A family of four invests in a walkable neighborhood by unlocking a neglected bungalow’s carbon-neutral potential.
Rather than retreat to the suburbs, this family looked to a central neighborhood near a university campus. They saw promise in a 1,300 sf 1960’s home referred to locally as “the shack”—the kind of small, under-maintained house prone to a downward spiral of high-turnover rent that can fracture a flourishing community.
The shack’s intensive renovation updates the house’s layout, materiality, envelope, and supporting systems. It enables full use of the 500 sf existing basement and expands the main level to 2,500 sf with a slab-on-grade addition. Both original building and addition utilize post and beam construction, with steel columns and wood framing. A tongue-and-groove bleached cedar ventilated rain screen serves as exterior cladding. Foamed-in-place insulation and insulated sheathing achieve a high-performance envelope, yielding an R-40 roof and R-24 walls. Reconfigured windows imbue mid-century character and maximize daylight, while a minimalist approach throughout eliminates non-essential elements. New, highly efficient climate control systems include a closed loop, horizontally-bored geothermal system with fresh air energy recovery, LED lighting, and EnergyStar appliances. An 8.4kW photovoltaic array powers the mechanical system as well as the house’s all LED lighting and EnergyStar appliances.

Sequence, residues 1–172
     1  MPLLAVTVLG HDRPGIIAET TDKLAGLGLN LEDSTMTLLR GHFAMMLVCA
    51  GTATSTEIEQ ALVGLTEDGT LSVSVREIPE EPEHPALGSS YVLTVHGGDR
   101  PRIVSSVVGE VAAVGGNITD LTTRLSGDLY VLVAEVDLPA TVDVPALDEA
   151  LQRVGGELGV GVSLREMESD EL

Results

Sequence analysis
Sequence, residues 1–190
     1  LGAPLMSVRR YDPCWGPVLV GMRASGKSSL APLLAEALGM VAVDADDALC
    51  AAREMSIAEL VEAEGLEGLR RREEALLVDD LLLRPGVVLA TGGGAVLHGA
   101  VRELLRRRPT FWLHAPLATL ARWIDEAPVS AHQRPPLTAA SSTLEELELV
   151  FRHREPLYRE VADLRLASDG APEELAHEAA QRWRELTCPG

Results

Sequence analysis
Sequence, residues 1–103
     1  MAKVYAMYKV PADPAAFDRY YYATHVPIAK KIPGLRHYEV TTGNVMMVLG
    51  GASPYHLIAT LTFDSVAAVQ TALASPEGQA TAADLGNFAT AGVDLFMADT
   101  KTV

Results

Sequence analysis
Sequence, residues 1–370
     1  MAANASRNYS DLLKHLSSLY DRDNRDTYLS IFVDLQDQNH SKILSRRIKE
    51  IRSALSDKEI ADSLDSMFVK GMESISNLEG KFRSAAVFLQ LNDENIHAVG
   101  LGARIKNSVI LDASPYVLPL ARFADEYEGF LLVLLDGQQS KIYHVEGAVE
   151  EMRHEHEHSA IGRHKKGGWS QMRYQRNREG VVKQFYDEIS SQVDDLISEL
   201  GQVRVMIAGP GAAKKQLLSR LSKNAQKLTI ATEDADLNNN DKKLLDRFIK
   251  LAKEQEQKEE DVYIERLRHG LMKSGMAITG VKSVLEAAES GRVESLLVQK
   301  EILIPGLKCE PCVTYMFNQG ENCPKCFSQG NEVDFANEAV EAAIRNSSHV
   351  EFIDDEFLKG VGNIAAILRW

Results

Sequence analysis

The family measures their success in the surplus of energy and credit received from the utility company, the quality of life they enjoy, and the positive influence the house has had on the neighborhood. A nearby property has already begun renewal with the same goals: quality, sustainability, and design excellence.